“The Irish Republic is not, and never has been, a friendly neighbour”
(Belfast Newsletter, 14th July 2023)
A letter from Tom Ferguson, Ballymoney
I read Tom Cooper’s letter on bonfire hatred with great interest, particularly his assertion that the Irish Republic is a ‘peaceful neighbouring state’ (‘Letter: Incitement to hatred has been allowed to become part of unionist culture,’ July 13, see link below).
Would this by any chance be the state that in 1925 signed up to a solemn international treaty to respect the current border between it and Northern Ireland? And then in 1937, in shocking bad faith, reneged on its solemn word and laid claim to Northern Ireland, thus providing a quasi legal justification for subsequent IRA terror campaigns? Hardly the actions of a friendly neighbour.
Would this be the state that had prominent government and establishment figures that gave assistance to the establishment of the Provisional IRA, and therefore the subsequent decades of bloodshed and mayhem? And allowed its territory to be used as a safe haven from which to organise atrocities like Kingsmills, Tullyvallen, Darkley, and other sectarian atrocities in Northern Ireland? Hardly the actions of a friendly neighbour.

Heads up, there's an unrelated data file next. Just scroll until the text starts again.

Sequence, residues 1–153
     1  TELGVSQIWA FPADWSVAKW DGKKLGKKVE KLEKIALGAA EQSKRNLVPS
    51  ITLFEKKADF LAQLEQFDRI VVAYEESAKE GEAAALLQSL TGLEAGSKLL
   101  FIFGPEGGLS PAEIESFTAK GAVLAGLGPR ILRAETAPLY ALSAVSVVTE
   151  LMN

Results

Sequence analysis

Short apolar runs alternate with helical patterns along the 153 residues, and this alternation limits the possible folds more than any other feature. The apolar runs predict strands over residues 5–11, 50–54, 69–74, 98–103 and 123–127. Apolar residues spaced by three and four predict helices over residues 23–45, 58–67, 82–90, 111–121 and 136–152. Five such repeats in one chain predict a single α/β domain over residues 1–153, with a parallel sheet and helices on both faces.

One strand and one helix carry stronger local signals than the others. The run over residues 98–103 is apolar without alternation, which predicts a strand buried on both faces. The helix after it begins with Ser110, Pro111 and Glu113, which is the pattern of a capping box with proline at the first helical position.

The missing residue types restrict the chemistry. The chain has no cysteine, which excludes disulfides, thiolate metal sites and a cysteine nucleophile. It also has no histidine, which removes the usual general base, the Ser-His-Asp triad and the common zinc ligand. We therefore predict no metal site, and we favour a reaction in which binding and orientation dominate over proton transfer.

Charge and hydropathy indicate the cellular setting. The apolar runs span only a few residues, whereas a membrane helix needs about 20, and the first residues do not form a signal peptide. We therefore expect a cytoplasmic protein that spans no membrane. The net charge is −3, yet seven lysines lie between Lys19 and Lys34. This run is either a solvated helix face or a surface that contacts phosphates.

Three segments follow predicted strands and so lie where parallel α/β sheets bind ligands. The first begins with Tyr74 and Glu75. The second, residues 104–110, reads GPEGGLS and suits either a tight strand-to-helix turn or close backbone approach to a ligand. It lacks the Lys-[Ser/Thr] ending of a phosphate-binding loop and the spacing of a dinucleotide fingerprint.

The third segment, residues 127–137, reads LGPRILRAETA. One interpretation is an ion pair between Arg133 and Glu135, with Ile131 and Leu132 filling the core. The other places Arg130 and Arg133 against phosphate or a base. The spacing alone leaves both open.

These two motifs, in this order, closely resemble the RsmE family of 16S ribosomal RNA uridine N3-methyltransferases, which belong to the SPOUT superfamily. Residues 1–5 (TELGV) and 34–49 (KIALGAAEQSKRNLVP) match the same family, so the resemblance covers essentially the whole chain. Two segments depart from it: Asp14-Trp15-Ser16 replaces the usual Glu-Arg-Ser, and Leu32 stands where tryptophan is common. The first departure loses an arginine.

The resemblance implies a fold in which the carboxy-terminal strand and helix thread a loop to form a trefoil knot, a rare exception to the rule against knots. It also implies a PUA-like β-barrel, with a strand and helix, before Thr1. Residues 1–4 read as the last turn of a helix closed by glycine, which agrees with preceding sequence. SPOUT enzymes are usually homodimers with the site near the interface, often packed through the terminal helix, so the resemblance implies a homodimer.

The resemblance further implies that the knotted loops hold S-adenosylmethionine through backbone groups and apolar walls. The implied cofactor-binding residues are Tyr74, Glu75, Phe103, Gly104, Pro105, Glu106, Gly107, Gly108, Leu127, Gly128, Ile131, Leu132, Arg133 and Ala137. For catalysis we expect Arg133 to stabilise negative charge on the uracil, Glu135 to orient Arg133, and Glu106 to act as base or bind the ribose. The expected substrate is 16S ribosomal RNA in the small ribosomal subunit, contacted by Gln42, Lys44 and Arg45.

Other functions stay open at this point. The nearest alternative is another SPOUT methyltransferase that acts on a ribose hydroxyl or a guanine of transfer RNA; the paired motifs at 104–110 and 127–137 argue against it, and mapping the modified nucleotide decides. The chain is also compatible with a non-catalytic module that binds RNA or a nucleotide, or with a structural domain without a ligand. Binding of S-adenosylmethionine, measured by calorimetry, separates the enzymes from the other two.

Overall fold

Would this be the state that for decades refused to extradite murderers of policemen and soldiers, on the grounds that such murders were ‘political’? And when an extradition treaty of sorts was agreed, used nit-picking details like a comma in the wrong place, to ensure that it was as ineffective as possible? Hardly the actions of a friendly neighbour.
Would this be the state that, (admittedly partly due to the ineptitude of some unionist politicians), ganged up with their masters in the European Union, to ensure that there would be a hard border in the Irish Sea between Northern Ireland and the rest of the UK? Hardly the act of a friendly neighbour.
In short, in the eyes of the unionist community, the Irish Republic is not, and never has been, a friendly neighbour. At the present time it is actively working, with a treacherous, supine British establishment, to annex Northern Ireland, and is therefore our bitter enemy, and it is hardly surprising that its IRA inspired tricolour is consequently treated with such loathing and contempt.
Should the day ever dawn when the the Irish Republic publicly apologises to all the people that have been wronged and maimed, and the families of those who have been murdered due to their past policies. And also gives up their insistence on the current hard border in the Irish Sea, then, and only then, would any self – respecting unionist feel obliged to treat their flag with anything other than contempt.
Tom Ferguson, Ballymoney